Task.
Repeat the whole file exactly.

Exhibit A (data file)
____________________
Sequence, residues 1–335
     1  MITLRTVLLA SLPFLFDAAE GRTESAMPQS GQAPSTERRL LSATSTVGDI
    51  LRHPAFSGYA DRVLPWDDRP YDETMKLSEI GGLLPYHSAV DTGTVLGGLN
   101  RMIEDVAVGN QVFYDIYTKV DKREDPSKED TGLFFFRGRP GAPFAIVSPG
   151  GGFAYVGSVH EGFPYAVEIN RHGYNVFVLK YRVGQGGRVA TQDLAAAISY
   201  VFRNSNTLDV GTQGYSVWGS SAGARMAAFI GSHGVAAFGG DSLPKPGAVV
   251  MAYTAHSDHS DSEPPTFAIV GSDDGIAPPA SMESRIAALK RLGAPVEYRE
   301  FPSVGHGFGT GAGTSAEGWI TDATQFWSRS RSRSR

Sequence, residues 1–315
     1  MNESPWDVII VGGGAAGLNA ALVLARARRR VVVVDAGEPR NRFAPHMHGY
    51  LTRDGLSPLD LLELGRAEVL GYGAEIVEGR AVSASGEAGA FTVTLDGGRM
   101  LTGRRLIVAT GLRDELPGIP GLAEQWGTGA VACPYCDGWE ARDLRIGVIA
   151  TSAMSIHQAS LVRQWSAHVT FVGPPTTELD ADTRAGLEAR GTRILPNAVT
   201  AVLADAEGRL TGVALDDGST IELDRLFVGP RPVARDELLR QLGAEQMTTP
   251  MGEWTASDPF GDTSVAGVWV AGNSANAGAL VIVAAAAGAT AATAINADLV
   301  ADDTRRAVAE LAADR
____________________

Sequence, residues 1–335
     1  MITLRTVLLA SLPFLFDAAE GRTESAMPQS GQAPSTERRL LSATSTVGDI
    51  LRHPAFSGYA DRVLPWDDRP YDETMKLSEI GGLLPYHSAV DTGTVLGGLN
   101  RMIEDVAVGN QVFYDIYTKV DKREDPSKED TGLFFFRGRP GAPFAIVSPG
   151  GGFAYVGSVH EGFPYAVEIN RHGYNVFVLK YRVGQGGRVA TQDLAAAISY
   201  VFRNSNTLDV GTQGYSVWGS SAGARMAAFI GSHGVAAFGG DSLPKPGAVV
   251  MAYTAHSDHS DSEPPTFAIV GSDDGIAPPA SMESRIAALK RLGAPVEYRE
   301  FPSVGHGFGT GAGTSAEGWI TDATQFWSRS RSRSR

Sequence, residues 1–315
     1  MNESPWDVII VGGGAAGLNA ALVLARARRR VVVVDAGEPR NRFAPHMHGY
    51  LTRDGLSPLD LLELGRAEVL GYGAEIVEGR AVSASGEAGA FTVTLDGGRM
   101  LTGRRLIVAT GLRDELPGIP GLAEQWGTGA VACPYCDGWE ARDLRIGVIA
   151  TSAMSIHQAS LVRQWSAHVT FVGPPTTELD ADTRAGLEAR GTRILPNAVT
   201  AVLADAEGRL TGVALDDGST IELDRLFVGP RPVARDELLR QLGAEQMTTP
   251  MGEWTASDPF GDTSVAGVWV AGNSANAGAL VIVAAAAGAT AATAINADLV
   301  ADDTRRAVAE LAADR